LightningStrike VTOL UAS Demonstrator Completes Subscale Flight Test Program

Published: 05 Apr 2017 | Author: Caroline Rees

LightningStrike VTOL UAS subscale demonstrator

Aurora Flight Sciences has announced that its unmanned XV-24A LightningStrike Vertical Take-off and Landing (VTOL) X-Plane subscale vehicle demonstrator (SVD) aircraft has completed its planned flight test program at Webster Outlying Field in Southern Maryland. Funded by the Defense Advanced Research Projects Agency (DARPA), the SVD successfully demonstrated key technical features the full-scale XV-24A will perform, including outbound and inbound transition flight. The SVD aircraft is a 325 pound, Lithium battery powered scale model of the 12,000 pound, 61 foot wingspan XV-24A. It will remain in flight status to supplement the full-scale XV-24A flight test program, currently scheduled to begin in late 2018.

“We have pursued, developed and flown an extraordinary aircraft and matured key and innovative technologies in support of the future of vertical flight,” said Aurora Founder and CEO John Langford. “This is clearly an achievement like no other, and will be surpassed only by the flight of the full-scale aircraft.”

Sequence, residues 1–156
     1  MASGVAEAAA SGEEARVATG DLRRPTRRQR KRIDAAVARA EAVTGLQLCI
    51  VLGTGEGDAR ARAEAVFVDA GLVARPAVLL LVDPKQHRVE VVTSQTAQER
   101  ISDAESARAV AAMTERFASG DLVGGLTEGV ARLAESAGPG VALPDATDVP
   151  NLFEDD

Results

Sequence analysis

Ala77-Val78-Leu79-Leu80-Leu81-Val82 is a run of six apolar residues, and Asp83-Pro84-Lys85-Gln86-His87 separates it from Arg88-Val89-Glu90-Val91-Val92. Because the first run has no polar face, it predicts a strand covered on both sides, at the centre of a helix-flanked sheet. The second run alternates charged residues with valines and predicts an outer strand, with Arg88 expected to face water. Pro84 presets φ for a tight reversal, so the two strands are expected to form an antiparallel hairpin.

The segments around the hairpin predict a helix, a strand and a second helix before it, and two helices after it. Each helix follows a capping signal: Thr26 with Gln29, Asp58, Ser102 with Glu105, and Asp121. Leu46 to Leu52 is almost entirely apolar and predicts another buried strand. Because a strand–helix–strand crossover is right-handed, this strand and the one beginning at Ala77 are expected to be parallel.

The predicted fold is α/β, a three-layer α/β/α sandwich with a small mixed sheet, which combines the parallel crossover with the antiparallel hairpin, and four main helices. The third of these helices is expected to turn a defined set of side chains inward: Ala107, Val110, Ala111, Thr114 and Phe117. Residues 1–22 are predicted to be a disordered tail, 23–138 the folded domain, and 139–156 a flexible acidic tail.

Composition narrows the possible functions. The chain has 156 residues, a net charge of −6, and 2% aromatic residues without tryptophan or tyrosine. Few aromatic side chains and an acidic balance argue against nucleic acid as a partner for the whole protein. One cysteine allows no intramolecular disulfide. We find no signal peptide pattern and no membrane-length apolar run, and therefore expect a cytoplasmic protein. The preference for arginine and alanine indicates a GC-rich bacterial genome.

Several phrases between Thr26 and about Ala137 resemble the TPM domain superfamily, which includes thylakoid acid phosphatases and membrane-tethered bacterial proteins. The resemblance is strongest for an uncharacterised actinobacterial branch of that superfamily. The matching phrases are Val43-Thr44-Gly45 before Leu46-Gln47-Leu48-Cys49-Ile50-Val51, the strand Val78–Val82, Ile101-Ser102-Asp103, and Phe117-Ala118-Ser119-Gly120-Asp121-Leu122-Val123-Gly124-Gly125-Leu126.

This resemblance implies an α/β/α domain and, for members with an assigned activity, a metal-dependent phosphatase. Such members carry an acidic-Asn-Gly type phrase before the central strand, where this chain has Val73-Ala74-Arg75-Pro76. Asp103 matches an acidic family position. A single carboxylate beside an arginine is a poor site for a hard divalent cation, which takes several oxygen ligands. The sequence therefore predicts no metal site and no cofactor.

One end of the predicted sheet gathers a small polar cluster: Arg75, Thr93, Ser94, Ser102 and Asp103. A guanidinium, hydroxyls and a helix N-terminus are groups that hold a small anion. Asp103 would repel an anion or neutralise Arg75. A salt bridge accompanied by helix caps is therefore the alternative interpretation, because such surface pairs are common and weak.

Watch DARPA’s flight tests:

Aurora’s LightningStrike VTOL X-Plane was recently designated the XV-24A by DARPA and the U.S. Air Force. The XV-24A is a tilt-wing unmanned aerial vehicle (UAV) powered by an Electric Distributed Propulsion (EDP) system. Twenty four variable-pitch ducted fans driven by electric motors provide thrust for both hover and cruise. A single Rolls-Royce AE 1107C turboshaft engine – used on the V-22 Osprey – drives three Honeywell generators which provide power to the wing and canard electric motors.

The XV-24A is being developed with the goal of achieving a top sustained flight speed of 300 – 400 knots, with 15% increase in hover efficiency and a two-fold increase in speed over helicopters. Aurora claims that it will be the first aircraft in aviation history to demonstrate distributed hybrid-electric propulsion using a synchronous electric-drive system.